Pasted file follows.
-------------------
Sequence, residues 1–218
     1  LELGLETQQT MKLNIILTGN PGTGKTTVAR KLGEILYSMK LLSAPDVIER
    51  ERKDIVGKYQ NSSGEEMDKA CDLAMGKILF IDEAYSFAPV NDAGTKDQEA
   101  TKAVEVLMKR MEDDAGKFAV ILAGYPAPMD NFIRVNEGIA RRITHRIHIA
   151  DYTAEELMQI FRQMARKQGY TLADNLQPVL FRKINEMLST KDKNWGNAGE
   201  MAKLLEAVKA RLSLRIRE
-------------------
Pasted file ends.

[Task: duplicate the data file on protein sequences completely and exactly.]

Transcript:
Sequence, residues 1–218
     1  LELGLETQQT MKLNIILTGN PGTGKTTVAR KLGEILYSMK LLSAPDVIER
    51  ERKDIVGKYQ NSSGEEMDKA CDLAMGKILF IDEAYSFAPV NDAGTKDQEA
   101  TKAVEVLMKR MEDDAGKFAV ILAGYPAPMD NFIRVNEGIA RRITHRIHIA
   151  DYTAEELMQI FRQMARKQGY TLADNLQPVL FRKINEMLST KDKNWGNAGE
   201  MAKLLEAVKA RLSLRIRE